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Restrained optimism over Ruth Ginsburg.

With restrained optimism, media lawyers await the impact of Justice Ruth Bader Ginsburg on the Supreme Court. Many of them seem sure that she will be more sympathetic to press pleas than her predecessor, Justice Byron R. White. But they are not certain about just how much better she will be.

Before joining the Supreme Court last month, Ginsburg served for 13 years on the U.S. Circuit Court of Appeals in Washington, D.C., where she earned a reputation as a moderate judge. A Democratic appointee, she was very comfortable voting with judges chosen by conservative Republican presidents, and not quite so comfortable voting with more liberal colleagues who, like her, were named by Democratic President Jimmy Carter.

The D.C. appeals court handles a large number of federal regulatory cases, and a jurist on that bench gets many opportunities to act on disputes over broadcast regulation and Freedom of Information Act issues. But the court does not deal very often with questions of libel, invasion of privacy, subpoenas for reporters and protection of secret news sources.

Broadcast cases and FOIA lawsuits, however, can tell much about the state of press rights and a judge's attitude toward them. Because broadcasting is a government-licensed branch of the press (or, in the cable industry, a government-franchised medium), the government tends to use its powers more aggressively toward broadcasters--unless the courts use the First Amendment as a shield against too much regulation. FOIA cases have symbolic meaning, too, because they tend to show that almost all government agencies are stingy about disclosing their files--unless the courts insist on openness.

Ginsburg's record in these areas suggests that, as a justice, she could be an important vote on the press' side a good deal of the time. If that proves to be true even some of the time, it would gladden the hearts of many editors and reporters--especially since White made something of a career out of being a stubborn adversary of journalists in almost all legal contests over press rights (see "The Press and the Law," July/August 1993).

Ginsburg has resisted efforts by the Federal Communications Commission to put its sometimes heavy hand of restraint on broadcasters. When the FCC moved aggressively to control the hours that radio and television stations could broadcast programs with sexually explicit language or themes, she found that the FCC had not justified its actions.

While conceding that the commission may take steps to limit children's exposure to broadcast "indecency," she has insisted that the agency act in careful, measured ways.

Similarly, she has been deeply skeptical about the FCC's keen interest in forcing cable television station operators to carry the programs of all broadcasters in their communities, whether or not a cable station wants to offer the programs.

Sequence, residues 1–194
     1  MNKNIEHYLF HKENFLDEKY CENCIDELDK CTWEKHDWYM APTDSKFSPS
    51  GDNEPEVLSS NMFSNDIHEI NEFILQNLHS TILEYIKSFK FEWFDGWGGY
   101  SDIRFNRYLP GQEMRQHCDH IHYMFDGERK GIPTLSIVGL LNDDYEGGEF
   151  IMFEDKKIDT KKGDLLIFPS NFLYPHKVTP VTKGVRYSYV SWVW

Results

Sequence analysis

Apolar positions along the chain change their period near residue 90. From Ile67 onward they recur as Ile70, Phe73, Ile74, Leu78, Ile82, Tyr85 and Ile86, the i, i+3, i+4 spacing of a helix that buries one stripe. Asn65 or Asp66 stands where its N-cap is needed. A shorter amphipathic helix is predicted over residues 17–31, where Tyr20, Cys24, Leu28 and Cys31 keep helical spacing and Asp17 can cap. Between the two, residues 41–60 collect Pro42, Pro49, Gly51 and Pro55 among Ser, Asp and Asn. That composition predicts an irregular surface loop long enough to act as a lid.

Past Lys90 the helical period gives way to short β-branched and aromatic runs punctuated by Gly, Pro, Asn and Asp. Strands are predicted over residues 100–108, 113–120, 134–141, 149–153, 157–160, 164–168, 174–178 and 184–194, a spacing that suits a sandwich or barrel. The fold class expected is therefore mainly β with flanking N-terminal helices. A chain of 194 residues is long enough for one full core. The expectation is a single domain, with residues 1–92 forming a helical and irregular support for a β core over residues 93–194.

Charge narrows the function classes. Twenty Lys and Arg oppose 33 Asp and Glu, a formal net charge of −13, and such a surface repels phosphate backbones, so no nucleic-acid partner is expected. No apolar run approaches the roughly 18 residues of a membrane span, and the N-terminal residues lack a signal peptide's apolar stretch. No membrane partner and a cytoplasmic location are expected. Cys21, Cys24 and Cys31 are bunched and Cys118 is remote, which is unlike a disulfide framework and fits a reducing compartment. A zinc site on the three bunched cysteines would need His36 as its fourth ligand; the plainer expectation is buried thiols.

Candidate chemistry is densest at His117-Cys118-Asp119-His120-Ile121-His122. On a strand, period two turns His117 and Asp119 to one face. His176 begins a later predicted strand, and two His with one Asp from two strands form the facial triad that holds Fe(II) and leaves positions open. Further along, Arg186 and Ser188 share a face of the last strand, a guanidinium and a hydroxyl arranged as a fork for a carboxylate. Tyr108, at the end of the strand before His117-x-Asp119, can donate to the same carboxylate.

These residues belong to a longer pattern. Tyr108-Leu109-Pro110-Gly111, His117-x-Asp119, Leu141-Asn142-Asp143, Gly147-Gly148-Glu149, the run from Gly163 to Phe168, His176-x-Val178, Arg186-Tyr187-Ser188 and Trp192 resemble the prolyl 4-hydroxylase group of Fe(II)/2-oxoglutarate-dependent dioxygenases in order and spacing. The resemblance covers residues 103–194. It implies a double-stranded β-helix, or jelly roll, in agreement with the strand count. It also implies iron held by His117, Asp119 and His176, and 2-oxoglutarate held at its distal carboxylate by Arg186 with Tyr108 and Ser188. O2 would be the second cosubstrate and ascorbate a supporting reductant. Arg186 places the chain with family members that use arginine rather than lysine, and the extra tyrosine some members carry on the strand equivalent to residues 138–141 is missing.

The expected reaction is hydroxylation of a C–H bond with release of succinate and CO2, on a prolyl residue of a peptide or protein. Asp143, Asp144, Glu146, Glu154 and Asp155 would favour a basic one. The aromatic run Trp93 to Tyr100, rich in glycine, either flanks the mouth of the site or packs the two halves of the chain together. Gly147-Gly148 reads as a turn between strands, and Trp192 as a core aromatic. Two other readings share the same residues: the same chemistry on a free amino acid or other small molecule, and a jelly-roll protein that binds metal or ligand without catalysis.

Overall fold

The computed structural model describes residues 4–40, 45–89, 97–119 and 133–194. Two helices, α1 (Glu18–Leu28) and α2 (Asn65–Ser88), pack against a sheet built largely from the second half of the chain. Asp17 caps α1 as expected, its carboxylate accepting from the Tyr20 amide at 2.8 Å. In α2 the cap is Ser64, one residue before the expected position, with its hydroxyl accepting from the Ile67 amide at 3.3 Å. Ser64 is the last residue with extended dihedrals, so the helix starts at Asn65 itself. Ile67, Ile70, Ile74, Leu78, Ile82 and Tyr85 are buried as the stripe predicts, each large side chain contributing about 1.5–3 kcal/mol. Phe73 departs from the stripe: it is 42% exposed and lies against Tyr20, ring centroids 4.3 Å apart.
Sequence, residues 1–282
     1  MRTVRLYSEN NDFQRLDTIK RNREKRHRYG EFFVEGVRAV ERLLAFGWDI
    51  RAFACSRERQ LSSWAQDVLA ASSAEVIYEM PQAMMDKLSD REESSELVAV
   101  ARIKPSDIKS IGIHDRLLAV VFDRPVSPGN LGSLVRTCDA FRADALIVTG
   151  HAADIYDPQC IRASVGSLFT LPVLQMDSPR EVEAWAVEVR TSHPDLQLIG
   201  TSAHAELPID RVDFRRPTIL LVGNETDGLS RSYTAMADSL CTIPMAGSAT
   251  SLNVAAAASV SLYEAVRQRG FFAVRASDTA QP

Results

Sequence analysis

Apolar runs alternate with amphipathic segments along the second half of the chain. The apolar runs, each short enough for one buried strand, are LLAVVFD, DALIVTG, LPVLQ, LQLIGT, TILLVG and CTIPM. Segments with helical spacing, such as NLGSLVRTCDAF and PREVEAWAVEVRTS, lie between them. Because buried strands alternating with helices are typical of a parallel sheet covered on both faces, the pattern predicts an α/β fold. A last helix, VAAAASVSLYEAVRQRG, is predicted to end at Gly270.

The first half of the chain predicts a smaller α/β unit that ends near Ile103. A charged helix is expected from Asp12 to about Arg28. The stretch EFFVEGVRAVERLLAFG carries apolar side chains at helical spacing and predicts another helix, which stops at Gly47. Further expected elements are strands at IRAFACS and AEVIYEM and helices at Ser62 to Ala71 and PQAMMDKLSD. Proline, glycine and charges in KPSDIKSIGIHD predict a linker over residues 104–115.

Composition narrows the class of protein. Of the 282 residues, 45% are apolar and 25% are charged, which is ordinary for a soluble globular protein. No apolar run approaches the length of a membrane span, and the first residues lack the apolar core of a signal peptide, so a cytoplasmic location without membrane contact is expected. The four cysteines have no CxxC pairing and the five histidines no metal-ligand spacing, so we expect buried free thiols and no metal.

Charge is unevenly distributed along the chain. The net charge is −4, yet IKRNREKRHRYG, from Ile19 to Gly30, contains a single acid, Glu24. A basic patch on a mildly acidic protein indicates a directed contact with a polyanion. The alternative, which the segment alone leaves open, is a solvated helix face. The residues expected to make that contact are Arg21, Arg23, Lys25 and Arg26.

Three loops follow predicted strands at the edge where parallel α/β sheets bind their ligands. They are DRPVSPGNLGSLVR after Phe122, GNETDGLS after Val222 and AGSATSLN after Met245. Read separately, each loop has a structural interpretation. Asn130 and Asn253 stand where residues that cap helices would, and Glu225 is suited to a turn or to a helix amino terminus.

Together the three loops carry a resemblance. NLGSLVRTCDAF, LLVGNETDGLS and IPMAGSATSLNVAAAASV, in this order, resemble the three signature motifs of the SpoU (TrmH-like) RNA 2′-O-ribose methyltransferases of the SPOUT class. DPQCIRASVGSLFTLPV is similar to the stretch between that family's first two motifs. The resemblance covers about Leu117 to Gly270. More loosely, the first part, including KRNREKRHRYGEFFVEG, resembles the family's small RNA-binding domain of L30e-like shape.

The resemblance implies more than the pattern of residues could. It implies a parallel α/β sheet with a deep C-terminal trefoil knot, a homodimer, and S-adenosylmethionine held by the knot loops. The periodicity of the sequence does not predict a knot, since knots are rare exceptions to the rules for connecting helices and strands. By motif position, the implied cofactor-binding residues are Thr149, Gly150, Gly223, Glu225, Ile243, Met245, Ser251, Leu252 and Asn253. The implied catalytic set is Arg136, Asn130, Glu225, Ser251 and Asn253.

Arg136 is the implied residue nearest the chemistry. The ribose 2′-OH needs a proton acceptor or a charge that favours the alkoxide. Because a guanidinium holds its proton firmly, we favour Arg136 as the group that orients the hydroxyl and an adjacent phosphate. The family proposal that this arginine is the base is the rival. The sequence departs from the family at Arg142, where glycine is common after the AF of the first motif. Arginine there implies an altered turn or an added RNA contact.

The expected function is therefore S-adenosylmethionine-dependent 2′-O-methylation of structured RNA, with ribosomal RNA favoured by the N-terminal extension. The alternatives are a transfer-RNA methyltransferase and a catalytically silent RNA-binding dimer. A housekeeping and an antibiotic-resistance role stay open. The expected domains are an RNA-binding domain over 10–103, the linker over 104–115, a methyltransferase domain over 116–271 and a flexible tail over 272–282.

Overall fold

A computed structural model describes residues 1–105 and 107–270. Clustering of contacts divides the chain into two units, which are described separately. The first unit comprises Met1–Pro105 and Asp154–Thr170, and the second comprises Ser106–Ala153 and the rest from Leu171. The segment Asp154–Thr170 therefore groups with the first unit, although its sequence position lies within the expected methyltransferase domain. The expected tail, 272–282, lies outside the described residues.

In both situations, Ginsburg acted out of an expressed concern for freedom in programming--a concern she traces to the First Amendment's mandate of free expression.

On key tests of access to government information under the Freedom of Information Act, Ginsburg has shown repeatedly that she understands the act's goal to be open government, not excuses for keeping public files secret. She has said that Congress has instructed the courts to keep "always in view" FOIA's "dominant disclosure direction."

Perhaps her most significant opinion concerning FOIA came in a 1987 ruling. Ginsburg wrote that a nuclear power industry group's reports on the causes of safety-related incidents at nuclear power plants had to be made public after being filed voluntarily with the Nuclear Regulatory Commission. She was unimpressed with the industry position that such documents should be confidential.

Ginsburg later wrote a broader opinion arguing for public release of the documents, when in 1992 the full Circuit Court voted 7-4 to overturn Ginsburg's earlier ruling; this time, Ginsburg was writing in dissent.

She also joined in a vigorous dissent when a majority of her court allowed the government to keep secret the actual voice recording of the crew of the space shuttle Challenger in the final minutes before the craft exploded, killing the crew. The majority fashioned a rule that protected the privacy of the crews' survivors, because their loved ones' voices were on the tape.

Although Ginsburg has not written extensively on First Amendment issues that are vital to the print media, she has indicated that she would have difficulty with aggressive government attempts to impose prior restraints and with onerous damages in libel lawsuits.

And in the libel field, she wrote an opinion in 1987 offering important practical tips for trial judges to follow to make sure that jurors understand the increasingly complex nuances in "this unsettling area of law."
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Title Annotation:The Press and the Law
Author:Denniston, Lyle
Publication:American Journalism Review
Date:Sep 1, 1993
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